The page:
Limits set for new coastal state park
By JAMES THORNER
© St. Petersburg Times, published February 13, 2001
NEW PORT RICHEY -- Werner-Boyce Salt Springs State Park will have boardwalks but no beaches, canoeing but no catamarans, sightseeing but no swimming.
When you're Pasco County's first state park, you can't be all things to all people, but you can try to preserve one of the last west Pasco tracts not gobbled by development.
On Monday, for the first time, the public got a more detailed glance at plans for the 3,300-acre coastal park that will stretch from Port Richey to State Road 52.
Named for longtime Pasco builders Gene Werner and Bill Boyce, who sold most of the land to the public at a discount, the park is expected to open next year with an infusion of about $500,000 in state money.
Officials with the state Division of Recreation and Parks displayed two large color aerial maps of the property at a public meeting at New Port Richey City Hall.
Parks officials promise a Venice of shallow creeks offering a chance to canoe and kayak about 70 to 100 miles of aquatic trails. The size of a boat would be limited by what a person could carry to the launching site.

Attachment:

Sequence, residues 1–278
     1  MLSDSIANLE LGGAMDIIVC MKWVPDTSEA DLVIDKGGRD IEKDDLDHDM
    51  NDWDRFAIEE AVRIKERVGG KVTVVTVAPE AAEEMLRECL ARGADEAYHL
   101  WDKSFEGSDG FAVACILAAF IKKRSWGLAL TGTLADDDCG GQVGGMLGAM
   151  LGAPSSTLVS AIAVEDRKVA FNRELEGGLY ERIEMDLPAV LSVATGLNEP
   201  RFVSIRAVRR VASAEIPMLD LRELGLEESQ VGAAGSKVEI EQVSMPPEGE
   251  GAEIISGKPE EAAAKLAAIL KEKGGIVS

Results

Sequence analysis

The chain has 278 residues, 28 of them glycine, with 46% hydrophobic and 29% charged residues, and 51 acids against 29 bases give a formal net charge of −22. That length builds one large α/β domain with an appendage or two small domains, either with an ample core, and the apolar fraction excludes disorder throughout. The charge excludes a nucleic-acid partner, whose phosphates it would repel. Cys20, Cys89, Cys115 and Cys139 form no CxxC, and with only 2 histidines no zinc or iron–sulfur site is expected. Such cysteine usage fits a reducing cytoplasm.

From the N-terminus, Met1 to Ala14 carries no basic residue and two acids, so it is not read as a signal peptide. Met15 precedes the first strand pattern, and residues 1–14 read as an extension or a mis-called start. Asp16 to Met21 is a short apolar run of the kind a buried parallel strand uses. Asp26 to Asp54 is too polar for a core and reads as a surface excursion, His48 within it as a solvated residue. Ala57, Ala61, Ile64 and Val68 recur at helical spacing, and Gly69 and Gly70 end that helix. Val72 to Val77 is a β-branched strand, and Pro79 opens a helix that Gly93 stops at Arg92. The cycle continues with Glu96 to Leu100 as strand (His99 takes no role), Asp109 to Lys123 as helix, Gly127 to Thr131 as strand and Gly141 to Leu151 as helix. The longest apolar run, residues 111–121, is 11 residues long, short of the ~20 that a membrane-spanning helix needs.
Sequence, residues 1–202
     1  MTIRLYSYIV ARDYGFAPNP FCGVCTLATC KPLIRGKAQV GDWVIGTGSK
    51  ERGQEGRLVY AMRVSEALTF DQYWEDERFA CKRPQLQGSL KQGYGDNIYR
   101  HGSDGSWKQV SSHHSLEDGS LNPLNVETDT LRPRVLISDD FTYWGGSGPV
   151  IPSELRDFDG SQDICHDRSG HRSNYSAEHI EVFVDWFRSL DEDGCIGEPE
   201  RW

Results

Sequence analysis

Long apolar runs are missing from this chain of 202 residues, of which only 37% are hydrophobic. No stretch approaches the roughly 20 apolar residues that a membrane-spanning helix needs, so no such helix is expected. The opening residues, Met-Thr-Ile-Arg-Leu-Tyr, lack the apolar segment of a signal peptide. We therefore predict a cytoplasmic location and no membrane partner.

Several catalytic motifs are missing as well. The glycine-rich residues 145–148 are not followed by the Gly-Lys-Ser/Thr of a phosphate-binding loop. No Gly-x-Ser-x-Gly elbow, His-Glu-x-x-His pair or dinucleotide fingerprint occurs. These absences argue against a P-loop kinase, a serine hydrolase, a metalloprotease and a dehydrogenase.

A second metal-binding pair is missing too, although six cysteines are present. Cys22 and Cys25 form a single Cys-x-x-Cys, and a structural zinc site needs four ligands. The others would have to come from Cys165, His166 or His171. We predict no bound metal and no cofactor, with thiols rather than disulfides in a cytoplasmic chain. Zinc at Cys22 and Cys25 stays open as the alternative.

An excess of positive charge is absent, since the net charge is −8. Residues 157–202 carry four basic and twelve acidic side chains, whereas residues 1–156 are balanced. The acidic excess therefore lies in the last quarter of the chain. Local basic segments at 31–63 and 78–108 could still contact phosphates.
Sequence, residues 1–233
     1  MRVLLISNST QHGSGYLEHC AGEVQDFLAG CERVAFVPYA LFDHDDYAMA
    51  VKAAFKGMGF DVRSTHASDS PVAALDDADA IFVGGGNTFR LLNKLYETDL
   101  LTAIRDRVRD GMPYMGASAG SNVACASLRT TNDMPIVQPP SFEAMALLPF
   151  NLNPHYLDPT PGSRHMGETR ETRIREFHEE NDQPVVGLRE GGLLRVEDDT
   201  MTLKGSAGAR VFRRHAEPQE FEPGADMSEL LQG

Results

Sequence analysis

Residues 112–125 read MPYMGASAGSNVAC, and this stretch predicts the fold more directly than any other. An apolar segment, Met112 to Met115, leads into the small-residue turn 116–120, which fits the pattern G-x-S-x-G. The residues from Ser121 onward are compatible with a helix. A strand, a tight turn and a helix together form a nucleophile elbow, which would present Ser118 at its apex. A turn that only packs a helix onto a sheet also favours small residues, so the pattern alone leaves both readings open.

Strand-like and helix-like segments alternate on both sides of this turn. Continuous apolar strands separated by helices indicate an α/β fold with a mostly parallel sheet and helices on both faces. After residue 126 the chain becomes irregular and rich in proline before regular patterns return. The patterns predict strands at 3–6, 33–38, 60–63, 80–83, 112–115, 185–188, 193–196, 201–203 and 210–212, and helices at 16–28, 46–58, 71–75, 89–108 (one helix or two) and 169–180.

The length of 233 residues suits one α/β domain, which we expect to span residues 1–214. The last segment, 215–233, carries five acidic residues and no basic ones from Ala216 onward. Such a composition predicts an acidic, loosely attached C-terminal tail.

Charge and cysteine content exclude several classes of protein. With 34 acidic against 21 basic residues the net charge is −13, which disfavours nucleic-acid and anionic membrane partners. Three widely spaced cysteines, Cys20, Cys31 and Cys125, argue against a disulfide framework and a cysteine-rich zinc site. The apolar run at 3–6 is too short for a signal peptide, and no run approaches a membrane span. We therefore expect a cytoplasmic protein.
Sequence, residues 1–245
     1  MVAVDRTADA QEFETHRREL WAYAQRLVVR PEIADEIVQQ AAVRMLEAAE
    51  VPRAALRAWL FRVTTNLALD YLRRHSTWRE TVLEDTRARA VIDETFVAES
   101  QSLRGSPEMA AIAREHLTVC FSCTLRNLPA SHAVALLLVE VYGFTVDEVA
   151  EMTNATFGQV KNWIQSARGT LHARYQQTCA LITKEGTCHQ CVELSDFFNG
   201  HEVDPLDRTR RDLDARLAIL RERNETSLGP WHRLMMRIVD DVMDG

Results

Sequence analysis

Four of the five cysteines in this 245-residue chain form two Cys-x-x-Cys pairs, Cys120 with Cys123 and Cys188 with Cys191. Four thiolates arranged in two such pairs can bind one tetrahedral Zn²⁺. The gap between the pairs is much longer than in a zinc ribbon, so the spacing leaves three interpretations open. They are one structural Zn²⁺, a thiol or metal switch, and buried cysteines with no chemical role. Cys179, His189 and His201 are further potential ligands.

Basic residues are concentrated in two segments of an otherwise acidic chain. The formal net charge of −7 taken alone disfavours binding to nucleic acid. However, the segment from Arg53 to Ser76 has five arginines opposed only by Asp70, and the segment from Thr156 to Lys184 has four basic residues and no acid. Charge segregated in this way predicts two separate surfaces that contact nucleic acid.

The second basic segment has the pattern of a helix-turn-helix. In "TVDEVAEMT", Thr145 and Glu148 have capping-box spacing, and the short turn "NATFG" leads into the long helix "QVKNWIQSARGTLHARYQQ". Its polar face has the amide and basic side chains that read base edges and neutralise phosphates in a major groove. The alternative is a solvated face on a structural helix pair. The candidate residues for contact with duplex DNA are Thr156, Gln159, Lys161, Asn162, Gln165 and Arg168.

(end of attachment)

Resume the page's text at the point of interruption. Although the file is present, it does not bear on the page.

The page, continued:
Although boardwalks will be the main way to access the salty, marshy terrain, the small part of the property that is higher and drier will have about 5-10 miles of bike trails.
Future additions to the park, assuming more money is forthcoming, would include a visitor's center, observation platforms for wildlife watching and camp grounds.
"That half-a-million isn't going to build everything," said Lew Scruggs, the planning manager for the state parks division.
The initial public access to the park will be on Scenic Drive in Port Richey, where a small section of the park, complete with picnic tables and parking spaces, is scheduled to open in March.
The bulk of the park, with its main entrance near Gulf View Square Mall, likely will open next year.
Not everyone got everything they wanted from the park.
Pasco resident Pat Raimond, who sat on a park citizens advisory committee, wondered why the state didn't drag a line along the ocean floor to make a sandy beach.
"It would be a boon to our area," Raimond said.
Parks officials quickly shot down the idea. They said Pasco's mangrove-fringed coastline, as the southernmost extremity of the Big Bend Salt Marsh System, can't be tampered with.
"We don't build beaches. We manage natural systems," Scruggs said.
New Port Richey Councilman Tom Finn got no further with his inquiries about allowing swimming in the salt springs that gave the park its name.
Scruggs said a swimming hole would be unmanageable and probably polluted.
As for a fishing pier Finn sought for the park, Scruggs said: "For the life of me, I don't know where we could build a fishing pier. It's nearly a mile to the gulf."
Another Pasco resident, Jim McKay, worried the state would tamper too much with the natural beauty of the property.
"We can overdevelop parks, too," McKay said. "Parks can be too much of a tourist attraction."
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